Aunty Genoa Keawe, as locals knew her, was an embodiment of Hawaiian folklife — a stature only ratified by her National Heritage Fellowship from the NEA. Her calling card was the traditional hula ku`i song “`Alika,” and her best-known version came on Party Hulas, an album favored by many a hula troupe. Among other things, Keawe was famous for her magically ethereal breath control: Listen for how long and often she sustains a high G in this recording, with vibrato, all while rhythmically strumming her `ukulele.
The Sunday Manoa
The Hawaiian Renaissance, a reclamation of folkloric arts in the face of a rampaging tourist economy, coalesced at the dawn of the 1970s. And along with legends like Gabby Pahinui, its heroes were young revivalists like Peter Moon, whose group the Sunday Manoa released Guava Jam: Contemporary Hawaiian Folk Music in 1969. With Moon and brothers Robert and Roland Cazimero on guitars, vocals and Hawaiian percussion, the band alchemized traditional materials — like this mele inoa, a name chant composed in praise of King David Kalākaua.
Folk revivalists weren’t the only beneficiaries of the Hawaiian Renaissance. The movement also produced a wave of commercial acts in a post-Woodstock, Fleetwood Mac-ish mode — like Olomana, Cecilio & Kapono, and Keola & Kapono Beamer. Among the emblematic songs of the era is Kalapana’s “Nightbird,” composed and sung by Mackey Feary. The song, with its bossa-nova lilt and lyrical flute refrain, was ubiquitous on island radio for decades.
“Hawaii ’78” (1993)
The gentle giant colloquially known as Bruddah Iz is most famous for his spare, intoxicating solo vox-and-uke recording of “Over the Rainbow.” It was included as an afterthought on his 1993 album Facing Future, a mixed plate of traditional fare, Jawaiian grooves and even a John Denver tune. More central to the album is this song by Mickey Ioane, which Iz originally recorded with his group the Mākaha Sons of Ni`ihau. A mournful yet determined reflection on Hawaii’s usurped sovereignty, it draws most of its power from Kamakawiwo`ole’s haunting delivery.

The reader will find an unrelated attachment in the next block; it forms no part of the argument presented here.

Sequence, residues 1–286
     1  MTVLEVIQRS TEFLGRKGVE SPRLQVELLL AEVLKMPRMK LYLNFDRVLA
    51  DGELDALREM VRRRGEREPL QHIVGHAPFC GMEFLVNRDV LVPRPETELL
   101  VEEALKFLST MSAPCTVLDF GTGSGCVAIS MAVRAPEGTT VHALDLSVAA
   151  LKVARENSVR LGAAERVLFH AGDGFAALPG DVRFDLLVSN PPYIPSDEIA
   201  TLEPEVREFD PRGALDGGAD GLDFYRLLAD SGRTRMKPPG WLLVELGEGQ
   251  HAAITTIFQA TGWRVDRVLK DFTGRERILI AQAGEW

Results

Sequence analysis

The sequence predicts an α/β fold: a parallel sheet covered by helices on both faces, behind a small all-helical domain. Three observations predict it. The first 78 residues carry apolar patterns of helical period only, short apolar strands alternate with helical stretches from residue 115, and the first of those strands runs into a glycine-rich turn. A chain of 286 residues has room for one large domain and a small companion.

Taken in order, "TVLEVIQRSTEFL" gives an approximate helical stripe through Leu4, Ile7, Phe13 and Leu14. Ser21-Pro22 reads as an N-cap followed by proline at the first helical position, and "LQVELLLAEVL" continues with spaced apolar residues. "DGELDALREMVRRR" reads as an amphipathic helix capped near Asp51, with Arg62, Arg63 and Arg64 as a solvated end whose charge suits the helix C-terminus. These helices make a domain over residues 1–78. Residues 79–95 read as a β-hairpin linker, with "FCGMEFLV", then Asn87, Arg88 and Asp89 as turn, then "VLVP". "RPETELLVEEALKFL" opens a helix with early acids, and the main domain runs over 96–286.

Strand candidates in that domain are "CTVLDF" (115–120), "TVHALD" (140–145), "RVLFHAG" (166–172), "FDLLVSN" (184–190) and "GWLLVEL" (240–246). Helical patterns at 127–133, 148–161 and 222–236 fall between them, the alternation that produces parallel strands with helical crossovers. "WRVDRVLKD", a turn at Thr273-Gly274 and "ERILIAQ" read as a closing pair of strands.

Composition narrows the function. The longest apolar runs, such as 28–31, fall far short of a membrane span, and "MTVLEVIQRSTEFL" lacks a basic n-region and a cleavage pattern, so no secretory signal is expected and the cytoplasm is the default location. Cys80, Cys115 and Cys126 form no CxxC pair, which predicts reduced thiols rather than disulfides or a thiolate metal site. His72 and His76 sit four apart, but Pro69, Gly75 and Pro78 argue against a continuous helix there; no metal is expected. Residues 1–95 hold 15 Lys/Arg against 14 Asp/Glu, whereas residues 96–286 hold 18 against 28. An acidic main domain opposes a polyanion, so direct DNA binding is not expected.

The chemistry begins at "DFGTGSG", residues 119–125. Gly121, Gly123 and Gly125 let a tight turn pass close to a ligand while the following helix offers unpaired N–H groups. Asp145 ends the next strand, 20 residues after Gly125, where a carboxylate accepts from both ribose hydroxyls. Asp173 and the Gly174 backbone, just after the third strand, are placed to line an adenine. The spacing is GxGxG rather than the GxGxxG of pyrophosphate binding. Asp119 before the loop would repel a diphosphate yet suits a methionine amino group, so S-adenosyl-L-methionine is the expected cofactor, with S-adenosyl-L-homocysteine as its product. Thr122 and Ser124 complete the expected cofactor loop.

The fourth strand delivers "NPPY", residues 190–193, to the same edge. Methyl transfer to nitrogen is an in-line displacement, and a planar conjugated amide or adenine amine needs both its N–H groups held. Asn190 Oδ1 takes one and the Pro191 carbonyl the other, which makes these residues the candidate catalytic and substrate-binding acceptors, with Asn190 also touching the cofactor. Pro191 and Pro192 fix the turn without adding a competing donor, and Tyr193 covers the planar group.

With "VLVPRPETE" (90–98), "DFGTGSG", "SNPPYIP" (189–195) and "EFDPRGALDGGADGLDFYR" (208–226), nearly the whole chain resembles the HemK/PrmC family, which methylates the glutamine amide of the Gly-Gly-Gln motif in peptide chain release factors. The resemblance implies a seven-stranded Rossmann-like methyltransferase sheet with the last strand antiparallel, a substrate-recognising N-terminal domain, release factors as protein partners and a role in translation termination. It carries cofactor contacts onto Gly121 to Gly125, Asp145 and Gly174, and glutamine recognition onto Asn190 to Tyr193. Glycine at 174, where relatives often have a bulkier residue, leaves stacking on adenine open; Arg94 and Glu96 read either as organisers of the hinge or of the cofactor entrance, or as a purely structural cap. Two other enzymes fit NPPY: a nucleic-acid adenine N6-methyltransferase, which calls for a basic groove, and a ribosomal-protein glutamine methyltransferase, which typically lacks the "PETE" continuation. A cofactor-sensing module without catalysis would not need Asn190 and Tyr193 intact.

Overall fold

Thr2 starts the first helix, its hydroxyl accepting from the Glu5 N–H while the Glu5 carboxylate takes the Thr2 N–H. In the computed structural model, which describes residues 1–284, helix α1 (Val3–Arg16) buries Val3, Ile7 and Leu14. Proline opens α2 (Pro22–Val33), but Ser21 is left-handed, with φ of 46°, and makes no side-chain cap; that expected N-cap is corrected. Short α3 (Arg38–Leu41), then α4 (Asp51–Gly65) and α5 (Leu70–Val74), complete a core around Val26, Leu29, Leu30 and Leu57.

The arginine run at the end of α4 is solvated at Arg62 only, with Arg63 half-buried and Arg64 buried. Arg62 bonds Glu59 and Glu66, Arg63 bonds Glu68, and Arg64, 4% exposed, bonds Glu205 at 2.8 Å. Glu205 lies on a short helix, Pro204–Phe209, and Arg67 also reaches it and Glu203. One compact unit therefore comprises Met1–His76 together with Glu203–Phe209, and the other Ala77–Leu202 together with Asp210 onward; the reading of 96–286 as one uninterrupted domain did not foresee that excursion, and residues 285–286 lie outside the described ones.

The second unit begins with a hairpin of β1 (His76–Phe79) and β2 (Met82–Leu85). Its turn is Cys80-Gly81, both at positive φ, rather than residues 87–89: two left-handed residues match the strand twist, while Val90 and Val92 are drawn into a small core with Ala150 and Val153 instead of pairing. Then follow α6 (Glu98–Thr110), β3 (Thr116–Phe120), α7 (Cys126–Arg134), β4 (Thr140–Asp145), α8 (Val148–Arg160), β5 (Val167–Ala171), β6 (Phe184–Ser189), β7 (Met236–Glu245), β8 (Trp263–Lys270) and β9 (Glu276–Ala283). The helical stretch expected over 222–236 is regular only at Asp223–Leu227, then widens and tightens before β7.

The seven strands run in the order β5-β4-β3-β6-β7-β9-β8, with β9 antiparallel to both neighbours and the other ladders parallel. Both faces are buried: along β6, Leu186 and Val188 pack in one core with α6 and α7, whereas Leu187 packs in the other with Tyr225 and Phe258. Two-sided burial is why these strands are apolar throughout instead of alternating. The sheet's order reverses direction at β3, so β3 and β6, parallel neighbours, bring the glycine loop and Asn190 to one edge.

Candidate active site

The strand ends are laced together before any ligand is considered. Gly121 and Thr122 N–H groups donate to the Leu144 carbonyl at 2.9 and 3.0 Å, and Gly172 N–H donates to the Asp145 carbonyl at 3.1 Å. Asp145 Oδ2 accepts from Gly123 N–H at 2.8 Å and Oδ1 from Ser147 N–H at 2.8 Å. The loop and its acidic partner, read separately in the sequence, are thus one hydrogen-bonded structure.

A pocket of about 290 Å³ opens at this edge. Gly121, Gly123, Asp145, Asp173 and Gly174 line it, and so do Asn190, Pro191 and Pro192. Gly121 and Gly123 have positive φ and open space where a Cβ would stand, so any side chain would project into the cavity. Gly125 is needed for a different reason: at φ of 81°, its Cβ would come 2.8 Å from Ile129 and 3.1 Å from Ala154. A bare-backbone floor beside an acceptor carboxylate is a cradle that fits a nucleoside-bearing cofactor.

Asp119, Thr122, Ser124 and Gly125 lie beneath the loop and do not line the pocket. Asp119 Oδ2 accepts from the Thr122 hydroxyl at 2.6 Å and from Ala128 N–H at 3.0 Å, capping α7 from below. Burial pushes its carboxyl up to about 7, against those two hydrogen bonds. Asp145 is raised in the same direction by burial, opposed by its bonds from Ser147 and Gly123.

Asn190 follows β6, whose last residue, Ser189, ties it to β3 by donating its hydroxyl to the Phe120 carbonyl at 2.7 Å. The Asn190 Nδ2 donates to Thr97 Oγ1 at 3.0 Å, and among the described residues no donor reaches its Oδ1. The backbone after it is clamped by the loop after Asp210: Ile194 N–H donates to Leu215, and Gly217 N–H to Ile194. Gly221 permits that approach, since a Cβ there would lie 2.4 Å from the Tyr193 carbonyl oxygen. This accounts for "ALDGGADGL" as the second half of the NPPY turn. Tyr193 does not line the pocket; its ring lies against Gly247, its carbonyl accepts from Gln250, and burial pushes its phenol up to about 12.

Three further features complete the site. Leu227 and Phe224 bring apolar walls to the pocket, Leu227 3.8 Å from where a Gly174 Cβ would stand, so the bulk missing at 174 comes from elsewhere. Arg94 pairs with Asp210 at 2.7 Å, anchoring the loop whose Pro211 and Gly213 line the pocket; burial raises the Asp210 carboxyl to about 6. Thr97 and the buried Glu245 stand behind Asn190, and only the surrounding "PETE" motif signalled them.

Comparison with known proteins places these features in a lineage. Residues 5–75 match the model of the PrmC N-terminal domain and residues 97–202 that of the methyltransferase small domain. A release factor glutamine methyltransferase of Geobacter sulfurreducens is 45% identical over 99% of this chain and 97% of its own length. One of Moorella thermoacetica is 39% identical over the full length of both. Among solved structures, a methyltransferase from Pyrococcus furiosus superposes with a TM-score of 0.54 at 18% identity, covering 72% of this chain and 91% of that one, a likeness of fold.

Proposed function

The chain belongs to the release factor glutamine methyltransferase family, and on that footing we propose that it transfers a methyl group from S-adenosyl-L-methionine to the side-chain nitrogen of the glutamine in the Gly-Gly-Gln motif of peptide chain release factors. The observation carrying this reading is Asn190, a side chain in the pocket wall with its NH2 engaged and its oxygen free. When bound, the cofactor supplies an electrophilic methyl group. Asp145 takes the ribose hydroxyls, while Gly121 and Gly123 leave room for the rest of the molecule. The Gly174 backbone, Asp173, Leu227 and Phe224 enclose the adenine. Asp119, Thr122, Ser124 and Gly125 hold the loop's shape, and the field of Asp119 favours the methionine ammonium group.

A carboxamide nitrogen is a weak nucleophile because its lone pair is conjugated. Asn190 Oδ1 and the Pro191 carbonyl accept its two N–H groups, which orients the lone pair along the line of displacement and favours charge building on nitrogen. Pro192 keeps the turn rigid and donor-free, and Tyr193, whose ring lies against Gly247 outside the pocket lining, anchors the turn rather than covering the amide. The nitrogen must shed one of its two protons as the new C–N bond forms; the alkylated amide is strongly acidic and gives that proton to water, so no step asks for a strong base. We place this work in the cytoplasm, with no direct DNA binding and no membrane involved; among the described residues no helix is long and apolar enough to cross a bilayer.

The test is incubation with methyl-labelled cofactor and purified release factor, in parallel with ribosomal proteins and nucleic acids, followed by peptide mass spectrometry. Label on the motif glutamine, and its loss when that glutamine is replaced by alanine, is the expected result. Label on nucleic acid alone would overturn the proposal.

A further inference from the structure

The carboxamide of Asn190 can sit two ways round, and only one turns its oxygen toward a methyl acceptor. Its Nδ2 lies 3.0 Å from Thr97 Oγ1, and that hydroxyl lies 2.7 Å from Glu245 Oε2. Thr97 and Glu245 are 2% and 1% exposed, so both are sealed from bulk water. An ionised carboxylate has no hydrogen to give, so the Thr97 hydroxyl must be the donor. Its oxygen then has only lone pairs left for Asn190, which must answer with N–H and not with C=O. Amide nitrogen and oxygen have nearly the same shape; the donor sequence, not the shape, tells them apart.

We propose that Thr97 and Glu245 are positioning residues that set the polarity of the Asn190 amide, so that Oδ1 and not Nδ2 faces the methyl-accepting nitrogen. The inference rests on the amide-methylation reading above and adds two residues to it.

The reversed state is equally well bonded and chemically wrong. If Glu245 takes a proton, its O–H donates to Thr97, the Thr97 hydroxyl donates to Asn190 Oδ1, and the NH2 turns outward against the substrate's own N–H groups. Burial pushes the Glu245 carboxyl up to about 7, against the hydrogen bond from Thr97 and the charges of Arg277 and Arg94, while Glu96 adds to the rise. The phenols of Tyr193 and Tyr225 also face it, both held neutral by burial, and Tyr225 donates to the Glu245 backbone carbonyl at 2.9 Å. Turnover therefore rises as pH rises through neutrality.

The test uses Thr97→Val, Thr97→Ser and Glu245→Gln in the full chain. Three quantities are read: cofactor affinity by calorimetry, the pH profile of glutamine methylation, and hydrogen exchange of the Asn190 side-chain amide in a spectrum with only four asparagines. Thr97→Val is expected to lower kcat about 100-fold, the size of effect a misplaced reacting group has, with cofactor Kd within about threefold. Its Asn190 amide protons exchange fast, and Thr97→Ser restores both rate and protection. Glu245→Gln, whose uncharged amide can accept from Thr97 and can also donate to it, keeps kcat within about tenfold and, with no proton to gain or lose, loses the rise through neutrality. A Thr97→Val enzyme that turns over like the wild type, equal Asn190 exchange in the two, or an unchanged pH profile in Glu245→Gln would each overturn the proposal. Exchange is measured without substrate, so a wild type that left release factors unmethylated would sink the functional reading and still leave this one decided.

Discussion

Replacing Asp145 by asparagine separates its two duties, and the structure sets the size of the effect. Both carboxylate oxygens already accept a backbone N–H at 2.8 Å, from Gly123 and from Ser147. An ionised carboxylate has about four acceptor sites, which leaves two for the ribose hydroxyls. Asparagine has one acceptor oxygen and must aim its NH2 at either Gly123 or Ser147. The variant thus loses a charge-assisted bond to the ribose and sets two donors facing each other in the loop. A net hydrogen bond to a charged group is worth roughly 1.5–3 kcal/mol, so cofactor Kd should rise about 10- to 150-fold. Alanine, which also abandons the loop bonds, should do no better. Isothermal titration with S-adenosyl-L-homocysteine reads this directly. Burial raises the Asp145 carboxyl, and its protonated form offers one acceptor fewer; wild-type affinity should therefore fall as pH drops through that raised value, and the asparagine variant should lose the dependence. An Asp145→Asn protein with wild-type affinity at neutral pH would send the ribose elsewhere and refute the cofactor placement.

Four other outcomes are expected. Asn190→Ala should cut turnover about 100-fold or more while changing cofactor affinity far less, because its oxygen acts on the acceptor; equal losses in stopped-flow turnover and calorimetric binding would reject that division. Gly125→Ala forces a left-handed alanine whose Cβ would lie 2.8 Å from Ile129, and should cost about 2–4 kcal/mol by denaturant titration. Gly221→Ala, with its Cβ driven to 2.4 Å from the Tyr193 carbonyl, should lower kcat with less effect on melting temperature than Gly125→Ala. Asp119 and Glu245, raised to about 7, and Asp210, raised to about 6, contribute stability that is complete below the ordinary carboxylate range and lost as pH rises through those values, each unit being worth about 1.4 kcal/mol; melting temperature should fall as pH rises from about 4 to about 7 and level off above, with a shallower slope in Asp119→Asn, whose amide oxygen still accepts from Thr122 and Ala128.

Hawaiian music has many homegrown luminaries in the 21st century, from Amy Hānaiali`i Gilliom to Kalani Pe`a. One of the freshest and finest is Raiatea Helm, a custodian of the leo ki`eki`e falsetto tradition, originally from the island of Moloka`i. Her third album, Hawaiian Blossom, opens with “`Ahulili,” a song that uses vivid natural imagery (of a misty peak on Maui) to tell a tale of sensuous craving. The balance of sweetness and sadness in Helm’s voice serves the song — and serves as a reminder that the art form is in excellent hands.
Nate Chinen is Director of Editorial Content at WBGO, chief jazz contributor to NPR Music and the author of Playing Changes: Jazz for the New Century. A former music critic for the New York Times, he has also written for JazzTimes, the Village Voice, Texas Monthly, DownBeat and VIBE. He grew up in Honolulu.
Image: Gabby Pahinui in North Kona, Hawai`i, in September 1974. Credit: Susan Titelman/Michael Ochs Archives/Getty.